Probabilistic cost-benefit analysis for mitigating hydrogeological risks in underground construction
Journal article, 2023
Leakage of groundwater into underground facilities can subsequently cause groundwater drawdown, subsidence and subsidence damages to the built-up environment. In order to reduce the risk of damage, measures to mitigate the risks must often be implemented. The aim of this paper is to describe and demonstrate a probabilistic cost-benefit analysis approach to assess the economic profitability of investing in different risk mitigation alternatives. Since underground construction is always associated with uncertainties, the analysis uses probability distribution functions for uncertain parameters and Monte Carlo simulations to quantify probabilities of damage and implementation costs. The proposed approach is exemplified with a case study, the road tunnel project Bypass (Förbifart) Stockholm in eastern Sweden, for which four risk mitigation alternatives were evaluated. In conclusion, the approach helps to highlight the economic effects of different risk mitigation approaches and constitute a transparent support for decisions on implementation of risk mitigation. For the case study, the analysis indicates that the implementation costs of ∼ 7000 MSEK (700 million EUR) for risk mitigation needed to fulfil the legal requirements, from the Swedish Land- and Environmental court, in the form of ambitious sealing strategies are disproportionate relative to the benefits of ∼ 50 MSEK (5 million EUR) gained in the form of reduced damage risk for the built-up environment. In other words, billions SEK of taxpayers' money are spent on unnecessary expenses to fulfill legal requirements without societal benefits. The novelty of the paper constitutes the coupling of models and combination of established methods for management of hydrogeological risks.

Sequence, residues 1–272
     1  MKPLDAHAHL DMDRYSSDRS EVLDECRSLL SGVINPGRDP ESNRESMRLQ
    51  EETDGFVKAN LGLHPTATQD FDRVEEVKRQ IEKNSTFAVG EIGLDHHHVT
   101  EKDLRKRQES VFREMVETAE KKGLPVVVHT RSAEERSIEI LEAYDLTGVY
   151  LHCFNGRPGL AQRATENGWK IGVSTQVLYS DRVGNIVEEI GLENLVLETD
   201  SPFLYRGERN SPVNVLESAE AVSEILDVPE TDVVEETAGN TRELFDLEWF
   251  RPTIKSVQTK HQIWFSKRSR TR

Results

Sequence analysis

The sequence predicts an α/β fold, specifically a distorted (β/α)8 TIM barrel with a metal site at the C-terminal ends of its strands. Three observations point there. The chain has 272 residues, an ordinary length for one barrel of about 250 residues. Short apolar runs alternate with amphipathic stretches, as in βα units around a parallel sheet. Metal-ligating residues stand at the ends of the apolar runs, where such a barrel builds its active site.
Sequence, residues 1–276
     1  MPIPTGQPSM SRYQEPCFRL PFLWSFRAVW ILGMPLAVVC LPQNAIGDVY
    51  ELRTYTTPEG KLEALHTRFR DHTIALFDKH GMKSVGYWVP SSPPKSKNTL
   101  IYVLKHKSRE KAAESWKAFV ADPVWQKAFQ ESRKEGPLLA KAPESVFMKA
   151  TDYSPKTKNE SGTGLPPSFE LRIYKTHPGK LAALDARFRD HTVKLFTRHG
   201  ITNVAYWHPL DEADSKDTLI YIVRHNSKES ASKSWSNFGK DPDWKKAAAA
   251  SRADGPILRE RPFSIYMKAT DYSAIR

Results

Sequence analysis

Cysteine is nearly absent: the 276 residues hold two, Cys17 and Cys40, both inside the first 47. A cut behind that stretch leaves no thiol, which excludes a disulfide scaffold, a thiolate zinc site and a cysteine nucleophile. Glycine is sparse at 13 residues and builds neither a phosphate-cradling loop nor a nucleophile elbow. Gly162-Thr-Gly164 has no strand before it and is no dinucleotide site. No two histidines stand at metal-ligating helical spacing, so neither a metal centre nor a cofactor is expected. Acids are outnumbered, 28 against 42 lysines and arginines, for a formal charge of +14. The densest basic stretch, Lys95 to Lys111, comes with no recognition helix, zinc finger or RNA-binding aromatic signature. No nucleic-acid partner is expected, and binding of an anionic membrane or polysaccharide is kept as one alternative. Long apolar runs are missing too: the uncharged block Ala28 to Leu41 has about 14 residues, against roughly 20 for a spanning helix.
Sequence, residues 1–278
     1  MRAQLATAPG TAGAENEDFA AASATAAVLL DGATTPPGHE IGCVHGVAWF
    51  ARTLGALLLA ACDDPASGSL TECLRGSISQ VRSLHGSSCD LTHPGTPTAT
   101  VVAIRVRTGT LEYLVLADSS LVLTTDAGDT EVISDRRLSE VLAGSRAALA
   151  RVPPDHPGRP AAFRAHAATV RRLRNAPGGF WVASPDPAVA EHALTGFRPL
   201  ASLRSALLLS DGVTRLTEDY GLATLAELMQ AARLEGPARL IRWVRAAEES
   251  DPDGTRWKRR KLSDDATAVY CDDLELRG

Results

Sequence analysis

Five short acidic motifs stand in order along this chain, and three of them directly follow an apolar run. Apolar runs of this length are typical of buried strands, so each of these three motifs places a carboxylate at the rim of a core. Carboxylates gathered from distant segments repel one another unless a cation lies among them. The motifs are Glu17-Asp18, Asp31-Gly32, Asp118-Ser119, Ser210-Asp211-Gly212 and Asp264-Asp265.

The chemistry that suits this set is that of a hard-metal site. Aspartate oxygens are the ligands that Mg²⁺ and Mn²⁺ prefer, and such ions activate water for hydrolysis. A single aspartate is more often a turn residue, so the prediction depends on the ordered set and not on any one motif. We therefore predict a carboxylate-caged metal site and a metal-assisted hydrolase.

Subsidence damage, risk mitigation